BREAKING: CJEU rules that freedom of information and of the press cannot justify a derogation from the rights of copyright holders beyond allowed exceptions and limitations
The Court of Justice of the European Union (CJEU) might be already on holiday, but this morning a final round of decisions was issued, including 3 keenly awaited Grand Chamber (15 judges) copyright judgments.
They are the decisions in:
They are the decisions in:
- Funke Medien, C-469/17 [Katpost here]
- Pelham, C-476/17 [Katposts here and here]
- Spiegel Online, C-516/17 [Katpost here]
What these cases had in common is essentially two things:
- First, they required the CJEU to weigh on the interplay between copyright and fundamental rights;
- Second, the Advocate General (AG) in all cases was AG Szpunar.
Let's start from the first one, Funke Medien.
The reference was made in the context of litigation between German Government and a newspaper over the unauthorized publication, by the latter, of the so called 'Afghanistan Papers', that is confidential military reports on the operations of German armed forces in that region in between 2005 and 2012.
The German Federal Court of Justice asked the CJEU to clarify whether and to what extent the assessment of prima facie copyright infringement and the applicability of the exceptions in favour of the press (Article 5(3)(c) of the InfoSoc Directive) and for quotation (Article 5(3)(d) of the same directive) are informed by a fundamental rights analysis.
More specifically: can copyright protection be trumped by the need to safeguard freedom of the press and freedom of information, and can fundamental rights be directly invoked to prevent enforcement of copyright?
The AG Opinion
In his Opinion, AG Szpunar doubted at the outset that a military report would be even protectable by copyright.
He also noted that in any case copyright contains internal control mechanisms (exceptions and limitations) and is subject to external limitations (protection of other fundamental rights). With regard to the latter, he submitted that, even where copyright subsists, protection might be denied/restricted on fundamental rights grounds. In his view, this should be the case in the national background proceedings, also because copyright should not be invoked to unduly restrict freedom of information, where no public interest would justify such restriction.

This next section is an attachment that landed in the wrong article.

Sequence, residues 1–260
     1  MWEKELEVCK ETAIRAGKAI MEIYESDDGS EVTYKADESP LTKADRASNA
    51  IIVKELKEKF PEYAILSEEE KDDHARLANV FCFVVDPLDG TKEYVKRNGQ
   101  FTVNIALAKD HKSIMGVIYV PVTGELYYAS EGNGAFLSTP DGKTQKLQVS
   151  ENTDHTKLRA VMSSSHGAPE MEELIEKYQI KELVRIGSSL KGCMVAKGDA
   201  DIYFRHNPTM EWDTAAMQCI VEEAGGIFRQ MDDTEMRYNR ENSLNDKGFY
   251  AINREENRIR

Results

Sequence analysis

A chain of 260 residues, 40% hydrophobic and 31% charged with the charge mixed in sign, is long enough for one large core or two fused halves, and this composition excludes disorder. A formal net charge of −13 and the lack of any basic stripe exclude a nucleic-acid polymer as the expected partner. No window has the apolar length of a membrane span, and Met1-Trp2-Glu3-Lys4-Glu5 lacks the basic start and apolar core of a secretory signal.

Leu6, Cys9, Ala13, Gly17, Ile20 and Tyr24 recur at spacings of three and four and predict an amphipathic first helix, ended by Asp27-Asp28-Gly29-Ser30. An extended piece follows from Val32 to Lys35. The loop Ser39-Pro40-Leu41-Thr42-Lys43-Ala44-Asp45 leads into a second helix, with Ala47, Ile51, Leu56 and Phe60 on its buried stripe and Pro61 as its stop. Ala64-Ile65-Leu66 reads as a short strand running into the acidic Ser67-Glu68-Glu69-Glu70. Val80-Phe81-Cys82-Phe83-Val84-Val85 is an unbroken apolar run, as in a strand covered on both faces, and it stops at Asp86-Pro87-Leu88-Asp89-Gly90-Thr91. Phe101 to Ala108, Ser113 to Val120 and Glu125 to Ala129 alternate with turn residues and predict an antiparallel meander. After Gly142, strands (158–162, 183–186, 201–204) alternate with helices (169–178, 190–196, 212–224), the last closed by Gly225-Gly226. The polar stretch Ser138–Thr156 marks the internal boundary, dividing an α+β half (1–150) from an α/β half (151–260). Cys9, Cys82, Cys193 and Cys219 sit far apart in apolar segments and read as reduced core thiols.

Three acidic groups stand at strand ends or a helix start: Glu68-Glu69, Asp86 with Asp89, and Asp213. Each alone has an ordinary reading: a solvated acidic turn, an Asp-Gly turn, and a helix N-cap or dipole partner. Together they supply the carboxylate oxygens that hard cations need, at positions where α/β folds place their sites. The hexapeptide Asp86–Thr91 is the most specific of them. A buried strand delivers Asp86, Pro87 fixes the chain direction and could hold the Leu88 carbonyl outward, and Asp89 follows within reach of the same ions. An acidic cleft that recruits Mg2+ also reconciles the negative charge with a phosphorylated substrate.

In today's judgment, the CJEU ruled that freedom of information and the freedom of the press (as also recognized in the EU Charter of Fundamental Rights) cannot justify a derogation from the rights of copyright holders beyond the exceptions and limitations set out in the InfoSoc Directive.
While the text of the ruling is not yet available, the press release states:
In today’s judgment, the Court makes clear that it is for the national court, first of all, to ascertain whether the conditions are satisfied so that military status reports are protected by copyright. Those reports can be protected by copyright only if they are an intellectual creation of their author that reflects the author’s personality and are expressed by free and creative choices made by that author in drafting those reports.